BOX - A short story Part
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Mick got a
job delivering a box to
a reception at the Hill Park Hotel, he got more than the
fifty pounds that he expected .....
The rain drops falling on the window
made it harder and harder to see what was happening; and instead of
trying to look through the window, Sophie looked at it, and watched the
red, blue and white light break into a thousand dancing and trickling
the traffic began to move on,
and a moment later, Opie's Corner, with its lights and its police cars,
had disappeared into the night behind them.
"Come on," said Mick. "Next stop!"
They got off at the foot of Blenden
Road, and began walking up the last hundred yards towards the Hotel.
this box is heavy!" exclaimed Mick.
"He must have thought you had a car!"
"No, he asked how old I was!"
"We're early, you know!"
"Too bad! What are we supposed to do?
"I don't know, do I? You made the
It was indeed just a quarter
to ten as
they turned off Blenden Road and through the gates of the Hill Park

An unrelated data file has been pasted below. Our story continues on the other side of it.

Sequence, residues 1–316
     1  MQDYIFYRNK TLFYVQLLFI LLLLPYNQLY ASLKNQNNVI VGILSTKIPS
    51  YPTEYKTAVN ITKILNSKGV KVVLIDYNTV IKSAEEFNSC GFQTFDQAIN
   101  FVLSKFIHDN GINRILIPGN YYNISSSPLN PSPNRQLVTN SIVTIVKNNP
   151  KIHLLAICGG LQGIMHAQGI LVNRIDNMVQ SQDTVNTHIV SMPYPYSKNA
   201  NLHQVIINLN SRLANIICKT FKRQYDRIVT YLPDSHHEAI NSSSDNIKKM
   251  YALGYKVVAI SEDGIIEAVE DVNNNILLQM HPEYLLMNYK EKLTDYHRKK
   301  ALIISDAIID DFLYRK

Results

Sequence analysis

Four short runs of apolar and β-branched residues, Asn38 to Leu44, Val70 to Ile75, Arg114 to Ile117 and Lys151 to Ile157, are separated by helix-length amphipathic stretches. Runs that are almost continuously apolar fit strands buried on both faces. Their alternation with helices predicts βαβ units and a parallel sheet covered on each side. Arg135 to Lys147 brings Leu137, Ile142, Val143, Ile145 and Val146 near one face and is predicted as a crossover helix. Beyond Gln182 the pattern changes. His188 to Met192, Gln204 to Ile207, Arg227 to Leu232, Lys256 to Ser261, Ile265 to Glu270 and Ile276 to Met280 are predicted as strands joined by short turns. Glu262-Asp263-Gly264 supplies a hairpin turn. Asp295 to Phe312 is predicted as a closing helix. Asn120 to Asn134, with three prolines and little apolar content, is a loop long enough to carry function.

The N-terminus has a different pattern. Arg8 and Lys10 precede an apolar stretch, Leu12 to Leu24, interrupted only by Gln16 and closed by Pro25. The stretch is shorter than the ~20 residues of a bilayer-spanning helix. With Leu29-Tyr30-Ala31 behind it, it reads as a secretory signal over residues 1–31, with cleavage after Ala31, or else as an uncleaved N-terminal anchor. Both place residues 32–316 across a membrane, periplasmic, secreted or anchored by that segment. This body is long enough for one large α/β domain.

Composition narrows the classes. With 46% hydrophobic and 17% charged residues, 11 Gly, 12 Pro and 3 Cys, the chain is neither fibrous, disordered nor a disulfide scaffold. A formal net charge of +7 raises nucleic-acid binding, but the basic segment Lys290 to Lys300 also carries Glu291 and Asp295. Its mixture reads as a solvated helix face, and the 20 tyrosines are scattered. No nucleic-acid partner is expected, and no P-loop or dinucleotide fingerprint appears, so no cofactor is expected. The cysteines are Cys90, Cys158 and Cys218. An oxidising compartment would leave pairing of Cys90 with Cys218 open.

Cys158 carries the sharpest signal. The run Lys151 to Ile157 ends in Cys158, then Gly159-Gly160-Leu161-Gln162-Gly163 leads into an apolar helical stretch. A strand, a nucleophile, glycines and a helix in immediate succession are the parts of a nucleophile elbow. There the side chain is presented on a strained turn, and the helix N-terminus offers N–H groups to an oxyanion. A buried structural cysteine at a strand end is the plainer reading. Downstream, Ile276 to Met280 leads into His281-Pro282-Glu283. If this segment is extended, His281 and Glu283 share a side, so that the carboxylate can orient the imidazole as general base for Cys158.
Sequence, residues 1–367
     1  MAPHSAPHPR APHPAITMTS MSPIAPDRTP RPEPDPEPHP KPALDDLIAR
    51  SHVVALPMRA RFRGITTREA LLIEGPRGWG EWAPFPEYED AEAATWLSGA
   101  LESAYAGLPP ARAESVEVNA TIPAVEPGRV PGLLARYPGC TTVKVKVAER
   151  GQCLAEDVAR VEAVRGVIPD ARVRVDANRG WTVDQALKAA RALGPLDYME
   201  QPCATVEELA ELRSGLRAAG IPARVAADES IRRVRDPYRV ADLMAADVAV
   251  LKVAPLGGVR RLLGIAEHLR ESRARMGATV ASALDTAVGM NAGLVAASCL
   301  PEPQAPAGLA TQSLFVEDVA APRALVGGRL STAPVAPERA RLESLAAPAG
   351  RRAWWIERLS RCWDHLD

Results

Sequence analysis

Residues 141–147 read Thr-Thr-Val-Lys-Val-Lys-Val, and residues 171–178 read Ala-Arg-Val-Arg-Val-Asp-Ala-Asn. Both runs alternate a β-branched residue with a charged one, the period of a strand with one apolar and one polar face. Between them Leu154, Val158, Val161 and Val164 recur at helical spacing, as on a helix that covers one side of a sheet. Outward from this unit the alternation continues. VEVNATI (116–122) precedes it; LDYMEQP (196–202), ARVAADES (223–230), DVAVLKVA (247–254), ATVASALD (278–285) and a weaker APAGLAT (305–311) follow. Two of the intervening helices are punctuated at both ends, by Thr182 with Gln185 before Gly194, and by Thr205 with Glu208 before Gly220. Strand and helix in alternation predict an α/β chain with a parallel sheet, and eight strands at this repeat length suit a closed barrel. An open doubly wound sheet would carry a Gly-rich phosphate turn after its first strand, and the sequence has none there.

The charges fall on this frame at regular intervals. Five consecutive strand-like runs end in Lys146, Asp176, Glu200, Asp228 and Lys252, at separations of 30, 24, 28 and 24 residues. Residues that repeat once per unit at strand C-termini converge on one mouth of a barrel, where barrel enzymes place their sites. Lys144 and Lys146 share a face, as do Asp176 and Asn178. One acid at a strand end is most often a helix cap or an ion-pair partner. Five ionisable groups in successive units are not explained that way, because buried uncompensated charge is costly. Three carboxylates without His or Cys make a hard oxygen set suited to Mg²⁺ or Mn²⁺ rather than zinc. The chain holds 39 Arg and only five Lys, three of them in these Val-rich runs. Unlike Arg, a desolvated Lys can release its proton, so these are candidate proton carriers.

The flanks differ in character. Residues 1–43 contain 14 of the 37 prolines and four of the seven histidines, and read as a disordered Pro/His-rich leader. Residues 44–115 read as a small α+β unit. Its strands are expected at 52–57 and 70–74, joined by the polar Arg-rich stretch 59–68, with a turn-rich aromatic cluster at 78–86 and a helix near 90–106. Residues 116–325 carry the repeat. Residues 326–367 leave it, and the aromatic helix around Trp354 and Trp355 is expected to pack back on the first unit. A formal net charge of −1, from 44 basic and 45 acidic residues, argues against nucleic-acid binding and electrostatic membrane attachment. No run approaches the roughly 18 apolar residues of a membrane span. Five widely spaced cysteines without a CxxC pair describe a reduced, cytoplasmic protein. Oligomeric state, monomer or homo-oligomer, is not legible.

Hotel. It was an old manor house that had once stood well outside the
town, but was now surrounded by suburban streets. It still stood,
however, in spacious grounds
Inside the gates, the driveway
curved off to the left, through a group of trees; they could see the
lights of the hotel in front of them, across the grass; but under the
trees it was very dark. Drops of water were falling heavily off the wet
"I don't like this!" said Sophie.
"Someone could jump out from behind one of those trees!"
"Oh get real!" answered Mick. "This is a
hotel! You've been watching too much telly!"
"I don't like it, Mick! I think there's
something in that box!"
"Well of course there is! It's a
surprise for Mr. Ansell, straight from Tescos !"
"Yeah, I know. But it's all rather suspicious
isn't it? Why couldn't your Mr. Charnwood get the box delivered
"Well I s'pose they couldn't find any
that delivers at this time of night! And anyway, what d'you think's in
the box? Ten pounds of special-offer ecstasy tabs
"Maybe it's a box of their best semtex
then, for terrorists !"
At that moment, a car came in through
the gates behind them, its lights sweeping across the green grass as it
turned towards them.
Then, as it reached them, it braked
hard and stopped, one of the doors opened, and a man jumped out.
"Police!" he said. He was not in
uniform. "What's that you've got there? Where are you going?"
"We're delivering it to the hotel!" said
"Is it yours?"
"No," Mick answered. "We're delivering